The Importance Of Temperance And Women's Suffrage

804 Words 4 Pages
In the early and mid nineteenth century, two prominent reform movements were Temperance and Women’s Suffrage. Two passionate reform leaders were Lyman Beecher and Elizabeth Stanton. Lyman Beecher was an adamant supporter of temperance, whereas Elizabeth Stanton focused predominantly on women’s rights. Stanton’s ends for Women’s suffrage had a stronger impact on our society today than Temperance because, although not perfect, it produced lasting results. Lyman Beecher used both the government and an appeal people’s morals to reach his goal of temperance. One example of his appeal to his followers’ morals was that he preached that intemperance is an inexcusable sin, in his sermons. “No sin has fewer apologies than intemperance.” (Beecher 45) …show more content…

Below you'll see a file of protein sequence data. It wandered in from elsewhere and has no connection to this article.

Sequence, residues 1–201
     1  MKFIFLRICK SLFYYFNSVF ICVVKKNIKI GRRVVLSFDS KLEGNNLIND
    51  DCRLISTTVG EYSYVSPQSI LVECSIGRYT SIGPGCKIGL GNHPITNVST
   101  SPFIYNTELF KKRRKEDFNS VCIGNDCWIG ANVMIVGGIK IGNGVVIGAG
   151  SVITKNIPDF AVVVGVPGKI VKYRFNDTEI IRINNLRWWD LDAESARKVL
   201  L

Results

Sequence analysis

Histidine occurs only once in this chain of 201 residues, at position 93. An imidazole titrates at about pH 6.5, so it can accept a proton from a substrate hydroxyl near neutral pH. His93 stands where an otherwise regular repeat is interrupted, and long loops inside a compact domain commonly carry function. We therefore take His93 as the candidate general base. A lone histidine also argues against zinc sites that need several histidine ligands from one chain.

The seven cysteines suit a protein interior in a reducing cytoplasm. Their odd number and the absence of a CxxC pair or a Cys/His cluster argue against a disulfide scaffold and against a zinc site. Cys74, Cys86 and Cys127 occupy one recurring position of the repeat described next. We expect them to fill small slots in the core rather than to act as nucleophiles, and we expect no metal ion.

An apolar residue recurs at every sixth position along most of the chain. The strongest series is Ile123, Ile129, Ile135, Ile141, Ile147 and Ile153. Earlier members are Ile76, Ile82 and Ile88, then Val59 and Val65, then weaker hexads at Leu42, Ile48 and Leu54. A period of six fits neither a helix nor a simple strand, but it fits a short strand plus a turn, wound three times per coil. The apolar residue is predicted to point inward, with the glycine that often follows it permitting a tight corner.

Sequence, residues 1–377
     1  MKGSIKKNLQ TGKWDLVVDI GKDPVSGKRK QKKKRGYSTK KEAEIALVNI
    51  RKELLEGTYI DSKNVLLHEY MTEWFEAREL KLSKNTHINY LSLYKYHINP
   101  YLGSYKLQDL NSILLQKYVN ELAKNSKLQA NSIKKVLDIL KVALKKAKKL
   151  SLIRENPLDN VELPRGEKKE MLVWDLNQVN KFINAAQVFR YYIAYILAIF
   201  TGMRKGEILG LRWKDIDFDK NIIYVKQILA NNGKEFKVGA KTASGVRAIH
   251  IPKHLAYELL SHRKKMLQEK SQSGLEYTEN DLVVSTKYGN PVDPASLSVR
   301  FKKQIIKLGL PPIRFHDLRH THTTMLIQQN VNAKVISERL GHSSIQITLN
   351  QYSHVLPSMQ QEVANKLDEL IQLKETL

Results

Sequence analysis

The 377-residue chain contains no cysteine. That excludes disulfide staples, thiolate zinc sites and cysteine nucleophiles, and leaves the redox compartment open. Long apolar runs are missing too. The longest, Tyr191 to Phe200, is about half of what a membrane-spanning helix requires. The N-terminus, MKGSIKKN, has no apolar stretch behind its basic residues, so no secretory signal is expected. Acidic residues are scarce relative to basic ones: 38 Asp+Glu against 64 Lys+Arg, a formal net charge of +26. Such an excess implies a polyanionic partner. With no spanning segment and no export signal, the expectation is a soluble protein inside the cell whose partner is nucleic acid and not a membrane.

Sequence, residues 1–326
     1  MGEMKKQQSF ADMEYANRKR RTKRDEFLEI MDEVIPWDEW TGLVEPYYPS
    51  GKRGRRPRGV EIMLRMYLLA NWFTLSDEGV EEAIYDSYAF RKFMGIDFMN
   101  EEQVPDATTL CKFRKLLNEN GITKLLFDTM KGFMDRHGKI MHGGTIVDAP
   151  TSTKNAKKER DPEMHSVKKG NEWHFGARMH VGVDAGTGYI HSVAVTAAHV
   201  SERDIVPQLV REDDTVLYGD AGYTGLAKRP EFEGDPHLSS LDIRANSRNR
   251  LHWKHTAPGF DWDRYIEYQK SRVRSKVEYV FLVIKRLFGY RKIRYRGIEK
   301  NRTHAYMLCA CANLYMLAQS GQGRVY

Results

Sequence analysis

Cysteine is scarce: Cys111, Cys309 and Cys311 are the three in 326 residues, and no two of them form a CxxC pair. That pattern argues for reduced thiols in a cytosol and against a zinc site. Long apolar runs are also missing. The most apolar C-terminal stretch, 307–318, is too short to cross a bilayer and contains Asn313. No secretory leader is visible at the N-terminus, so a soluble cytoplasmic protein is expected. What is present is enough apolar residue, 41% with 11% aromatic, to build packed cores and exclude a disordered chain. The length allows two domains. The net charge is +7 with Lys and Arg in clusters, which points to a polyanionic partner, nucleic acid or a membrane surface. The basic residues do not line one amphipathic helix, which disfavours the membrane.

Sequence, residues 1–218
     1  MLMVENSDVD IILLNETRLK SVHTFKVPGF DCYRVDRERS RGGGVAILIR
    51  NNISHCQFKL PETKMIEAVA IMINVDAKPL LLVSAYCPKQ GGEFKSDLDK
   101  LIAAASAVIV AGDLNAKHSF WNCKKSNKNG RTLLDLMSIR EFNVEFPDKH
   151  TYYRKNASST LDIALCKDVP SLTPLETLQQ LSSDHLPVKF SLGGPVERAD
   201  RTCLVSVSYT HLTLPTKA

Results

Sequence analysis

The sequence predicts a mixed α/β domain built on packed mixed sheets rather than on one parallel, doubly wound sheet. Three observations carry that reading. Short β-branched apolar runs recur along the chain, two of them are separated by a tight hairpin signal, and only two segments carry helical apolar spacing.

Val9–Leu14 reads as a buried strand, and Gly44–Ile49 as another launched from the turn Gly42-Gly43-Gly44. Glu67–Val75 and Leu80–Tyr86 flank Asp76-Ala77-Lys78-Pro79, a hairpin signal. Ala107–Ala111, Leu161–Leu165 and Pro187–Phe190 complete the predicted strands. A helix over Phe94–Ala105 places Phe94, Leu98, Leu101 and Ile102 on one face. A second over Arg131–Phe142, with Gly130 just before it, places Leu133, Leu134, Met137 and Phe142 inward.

Her piece, Address on Women’s Rights, was a perfect example of her ability to disprove points made against women and prove that they are equal to men. A common belief among the people of her time period was that women were intellectually, physically and morally inferior. Stanton impugns these statements by proving how women are actually equivalent or potentially superior to men in these aspects. Stanton prefaces her points with the statement, “Man’s superiority cannot be a question until we have had a fair child.” (Stanton 54) She explains that man’s superiority is superficial and until women have access to the same opportunities men have (education, jobs, etc) will men be able to truly prove their superiority. Nevertheless, she is still able to prove woman’s superiority with reasoning for each topic. She uses the Bible story, “Adam and Eve” to prove a woman’s intellect as Eve was not as easily persuaded to eat the apple of knowledge as Adam was. Eve, a woman, needed ample reasoning, whereas Adam “stopped not so much as to ask if the apple was sweet or sour.” (Stanton 54) Stanton explains that physical strength depends on one’s will. It is possible that a powerful willed girl may win a fight against a weak willed man. Lastly, Stanton believes that women are morally superior to men because they are taught from young to be dainty, kind, caring, and a great mother; while men aren’t raised under the same morals. Men coming home intoxicated is looked on as normal or slightly troubling. If a woman comes home intoxicated, her reputation may be ruined. Disproving the three main points made against women gave Stanton leverage over her adversaries and eventually led to the 19th Amendment in 1920, which was one step closer to Stanton’s end of perfect

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